Tax avoidance and wealth offshore have become leading news stories in recent weeks.  Time will tell what, if any, effect the Panama Papers leak will have.  Further challenges have been made against schemes based on investments in the film industries made in the 1990s.  Not unnaturally, when tax avoidance schemes fail, taxpayers will look to the advisors who advised them to enter the schemes.

The recent judgment in Barker v Baxendale Walker Solicitors & Baxendale-Walker [2016] EWHC 664 (Ch) is a useful case study providing valuable lessons for practitioners.  In particular it addresses whether a solicitor advising on statutory interpretation will be negligent for failing to warn that his opinion could be wrong.

Background

The claimant, who had developed a successful management consultancy and software business during the 1990s, decided to sell the business.  He wanted to minimise the capital gains tax (“CGT”) payable on the sale of his shares.  His tax advisers suggested an employees benefits trusts (“EBT”), as defined by section 86 of the Inheritance Tax Act 1984 (“IHTA”), and referred him to the defendant.  (The firm and leading partner are collectively referred to as the defendant in this article.)

The defendant advised the claimant that an EBT would permit him to avoid paying CGT on the sale.  The key advice – later alleged to be negligent – was that the claimant’s family would be able to benefit from the EBT after his death.  The accuracy of that advice depended on whether the EBT also satisfied the requirements of section 28 IHTA.

The Scheme

The claimant retained the defendant on 2 October 1998.  (There was no argument over the scope of the retainer.)  On 6 October 1998, the claimant’s business settled an EBT and appointed an offshore trustee. 

The beneficiaries of the EBT were defined as the employees of the business and their families, together with exclusions designed to satisfy the requirement of section 28 IHTA.   An offshore investment company was established to receive UK income and property was purchased.  On 23 March 1999 the trustee declared a sub-trust in favour of the claimant’s family so that his contribution would be ring fenced. 

On 15 October 1998 the claimant declared that he held his shares in the business on trust for the EBT.  If this gift satisfied section 28 IHTA, then no CGT would be payable.  Because the trustee was based offshore, no CGT would be payable on sale.  Assets held in a discretionary trust are generally taxed in accordance with sections 64 and 65 IHTA but this does not apply to EBTs and investments made by the EBT were tax exempt.  Further, the claimant would be able to take deep discount, commercial loans from the trust, with the loans and interest being rolled over – on the claimant’s death the loan became a debt of the estate, thereby reducing inheritance tax (“IHT”).   Upon the claimant’s death, his family would become full beneficiaries under the trust and so could then receive contributions.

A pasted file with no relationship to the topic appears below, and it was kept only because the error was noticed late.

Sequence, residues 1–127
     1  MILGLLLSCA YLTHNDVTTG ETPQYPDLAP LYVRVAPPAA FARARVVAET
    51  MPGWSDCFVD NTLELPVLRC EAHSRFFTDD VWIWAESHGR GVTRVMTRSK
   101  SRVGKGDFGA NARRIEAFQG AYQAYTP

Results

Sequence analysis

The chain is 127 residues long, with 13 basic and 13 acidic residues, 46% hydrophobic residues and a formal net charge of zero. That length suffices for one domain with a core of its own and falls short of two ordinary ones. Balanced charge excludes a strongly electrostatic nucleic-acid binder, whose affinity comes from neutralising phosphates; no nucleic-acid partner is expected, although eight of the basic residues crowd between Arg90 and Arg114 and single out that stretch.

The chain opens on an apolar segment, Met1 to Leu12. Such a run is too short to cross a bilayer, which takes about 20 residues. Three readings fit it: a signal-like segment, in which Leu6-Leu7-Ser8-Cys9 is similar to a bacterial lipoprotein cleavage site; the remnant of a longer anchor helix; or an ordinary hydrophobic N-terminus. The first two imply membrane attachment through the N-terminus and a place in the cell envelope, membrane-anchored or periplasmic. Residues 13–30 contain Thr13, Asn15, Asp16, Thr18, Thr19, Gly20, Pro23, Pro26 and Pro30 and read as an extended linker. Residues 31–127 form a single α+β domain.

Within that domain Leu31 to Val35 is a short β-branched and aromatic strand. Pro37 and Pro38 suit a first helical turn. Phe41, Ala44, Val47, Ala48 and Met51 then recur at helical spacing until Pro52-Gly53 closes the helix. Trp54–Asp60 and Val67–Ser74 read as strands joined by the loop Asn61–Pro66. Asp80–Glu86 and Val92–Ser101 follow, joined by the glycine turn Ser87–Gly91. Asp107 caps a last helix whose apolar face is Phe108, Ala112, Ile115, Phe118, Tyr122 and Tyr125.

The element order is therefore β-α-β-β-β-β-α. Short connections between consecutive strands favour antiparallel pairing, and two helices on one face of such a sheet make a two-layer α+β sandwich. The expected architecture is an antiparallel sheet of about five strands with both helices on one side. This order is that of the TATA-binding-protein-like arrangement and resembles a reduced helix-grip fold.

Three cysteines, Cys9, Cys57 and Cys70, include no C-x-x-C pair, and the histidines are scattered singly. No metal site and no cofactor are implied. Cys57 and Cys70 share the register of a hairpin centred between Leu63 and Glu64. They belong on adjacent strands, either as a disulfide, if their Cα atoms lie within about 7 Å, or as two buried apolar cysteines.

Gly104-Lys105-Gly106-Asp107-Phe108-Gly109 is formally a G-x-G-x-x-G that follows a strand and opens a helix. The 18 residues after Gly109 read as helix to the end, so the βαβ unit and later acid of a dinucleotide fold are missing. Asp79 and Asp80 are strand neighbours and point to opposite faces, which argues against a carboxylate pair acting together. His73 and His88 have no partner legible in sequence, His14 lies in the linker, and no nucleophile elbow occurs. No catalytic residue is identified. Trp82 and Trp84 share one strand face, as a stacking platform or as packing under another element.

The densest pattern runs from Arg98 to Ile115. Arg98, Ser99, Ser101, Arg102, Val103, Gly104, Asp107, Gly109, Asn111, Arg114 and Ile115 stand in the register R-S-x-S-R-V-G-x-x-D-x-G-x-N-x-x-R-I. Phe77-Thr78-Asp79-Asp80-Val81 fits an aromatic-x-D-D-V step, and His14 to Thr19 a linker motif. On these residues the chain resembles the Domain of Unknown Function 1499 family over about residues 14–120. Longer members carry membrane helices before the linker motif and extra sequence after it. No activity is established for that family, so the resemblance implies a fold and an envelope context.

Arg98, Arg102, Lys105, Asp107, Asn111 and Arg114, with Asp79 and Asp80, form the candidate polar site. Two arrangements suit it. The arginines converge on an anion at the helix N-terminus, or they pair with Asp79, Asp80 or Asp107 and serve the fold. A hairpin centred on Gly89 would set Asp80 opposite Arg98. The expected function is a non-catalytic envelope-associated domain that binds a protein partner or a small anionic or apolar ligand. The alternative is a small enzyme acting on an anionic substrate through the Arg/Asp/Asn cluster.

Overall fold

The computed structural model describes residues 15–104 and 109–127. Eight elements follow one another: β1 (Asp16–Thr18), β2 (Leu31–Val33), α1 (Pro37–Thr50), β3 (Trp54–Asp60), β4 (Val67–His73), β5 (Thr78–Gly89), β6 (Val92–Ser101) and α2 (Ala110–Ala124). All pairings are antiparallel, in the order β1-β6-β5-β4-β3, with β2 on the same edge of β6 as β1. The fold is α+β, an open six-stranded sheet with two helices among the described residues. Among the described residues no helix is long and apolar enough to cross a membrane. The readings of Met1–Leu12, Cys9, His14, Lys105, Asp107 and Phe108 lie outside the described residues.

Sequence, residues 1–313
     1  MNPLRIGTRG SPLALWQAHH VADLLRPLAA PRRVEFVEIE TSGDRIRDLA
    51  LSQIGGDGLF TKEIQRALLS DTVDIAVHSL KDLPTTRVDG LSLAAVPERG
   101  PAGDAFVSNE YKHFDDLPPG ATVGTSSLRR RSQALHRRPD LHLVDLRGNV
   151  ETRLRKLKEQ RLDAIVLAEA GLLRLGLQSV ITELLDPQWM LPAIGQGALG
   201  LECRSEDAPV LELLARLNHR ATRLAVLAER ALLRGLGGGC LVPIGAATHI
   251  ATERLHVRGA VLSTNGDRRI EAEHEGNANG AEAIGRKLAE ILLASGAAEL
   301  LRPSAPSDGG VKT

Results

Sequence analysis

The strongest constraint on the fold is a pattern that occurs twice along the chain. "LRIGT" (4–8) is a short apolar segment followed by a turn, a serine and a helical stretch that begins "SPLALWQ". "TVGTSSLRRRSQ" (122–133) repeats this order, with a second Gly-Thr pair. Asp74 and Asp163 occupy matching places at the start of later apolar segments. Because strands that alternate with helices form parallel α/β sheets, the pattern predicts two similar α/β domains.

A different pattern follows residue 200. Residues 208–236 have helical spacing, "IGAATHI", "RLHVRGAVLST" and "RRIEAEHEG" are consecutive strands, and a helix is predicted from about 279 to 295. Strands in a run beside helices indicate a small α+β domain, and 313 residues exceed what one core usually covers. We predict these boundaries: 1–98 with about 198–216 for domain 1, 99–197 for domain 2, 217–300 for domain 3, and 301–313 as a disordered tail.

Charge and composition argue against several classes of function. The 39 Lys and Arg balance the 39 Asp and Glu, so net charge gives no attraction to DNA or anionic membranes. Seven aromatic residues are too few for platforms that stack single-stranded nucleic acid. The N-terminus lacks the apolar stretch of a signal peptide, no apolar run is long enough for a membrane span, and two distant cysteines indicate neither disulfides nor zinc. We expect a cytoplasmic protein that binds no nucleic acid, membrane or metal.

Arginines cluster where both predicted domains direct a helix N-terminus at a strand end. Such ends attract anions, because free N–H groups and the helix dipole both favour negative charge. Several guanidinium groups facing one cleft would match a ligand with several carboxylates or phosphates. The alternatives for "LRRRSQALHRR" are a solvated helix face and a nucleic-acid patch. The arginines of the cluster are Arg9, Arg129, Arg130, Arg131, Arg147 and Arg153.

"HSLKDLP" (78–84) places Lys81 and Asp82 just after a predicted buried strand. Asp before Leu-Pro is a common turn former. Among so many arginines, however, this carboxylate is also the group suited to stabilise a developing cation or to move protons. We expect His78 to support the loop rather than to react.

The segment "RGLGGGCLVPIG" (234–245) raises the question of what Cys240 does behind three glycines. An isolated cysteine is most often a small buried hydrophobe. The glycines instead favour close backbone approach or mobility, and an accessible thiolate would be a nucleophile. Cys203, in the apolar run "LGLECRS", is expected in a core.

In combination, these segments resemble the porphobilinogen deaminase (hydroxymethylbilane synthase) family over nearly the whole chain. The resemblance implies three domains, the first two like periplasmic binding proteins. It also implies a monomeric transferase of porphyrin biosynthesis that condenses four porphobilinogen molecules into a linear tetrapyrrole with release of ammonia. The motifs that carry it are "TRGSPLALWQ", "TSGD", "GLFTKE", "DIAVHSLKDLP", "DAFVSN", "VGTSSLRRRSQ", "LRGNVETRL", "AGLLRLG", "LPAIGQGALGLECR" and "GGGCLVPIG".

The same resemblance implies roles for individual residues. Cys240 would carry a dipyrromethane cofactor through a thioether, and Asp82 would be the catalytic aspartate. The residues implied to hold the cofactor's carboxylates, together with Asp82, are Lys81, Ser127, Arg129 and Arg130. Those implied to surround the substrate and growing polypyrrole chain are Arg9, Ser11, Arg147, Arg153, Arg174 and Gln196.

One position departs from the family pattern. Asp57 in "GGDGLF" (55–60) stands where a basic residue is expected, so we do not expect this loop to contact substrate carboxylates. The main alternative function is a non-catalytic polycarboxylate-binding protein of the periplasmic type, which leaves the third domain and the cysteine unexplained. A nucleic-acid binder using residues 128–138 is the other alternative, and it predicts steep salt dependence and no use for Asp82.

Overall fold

The fees charged (by the defendant and others) for setting up the scheme came to an astronomical £2.5m.

The shares in the business were sold on 28 June 1999.   As part of the deal the claimant received about £12m in cash and shares in the purchaser and around £5.8m went into the sub-trust.  The claimant had therefore received sufficient cash from the sale that he would not need to access the assets in the EBT in his lifetime.

HMRC’s investigation

In August 2005 HMRC informed the claimant that they would be investigating the sale, specifically whether any CGT should have been paid.  The initial problem was that members of the claimant’s family appeared to have been benefitting from the property owned by the EBT. 

After a significant hiatus, HMRC wrote to the claimant on 19 March 2010 to advise him that they intended to make assessments.  Only at this stage did the contention surface that section 28 IHTA was not satisfied because the claimant’s family would be able to benefit after his death.   The claimant appealed against this decision on 16 February 2011.  For the first time on 4 July 2012, one of the claimant’s advisers advised that there were strong arguments in favour of HMRC’s contention.  On advice, the claimant settled the matter in April 2013 with HMRC for the sum of around £11m.  At this time it was estimated that the trust might be worth around £35m.

The claim

The claimant’s claim was brought on two grounds:  first, that the advice that the claimant’s family could benefit from the EBT after his death was negligently wrong; alternatively, that the defendant failed to warn the claimant of the risk that his family might need to be excluded even after his death, in which case he would have used a different, less risky, scheme and avoided the loss.

The decision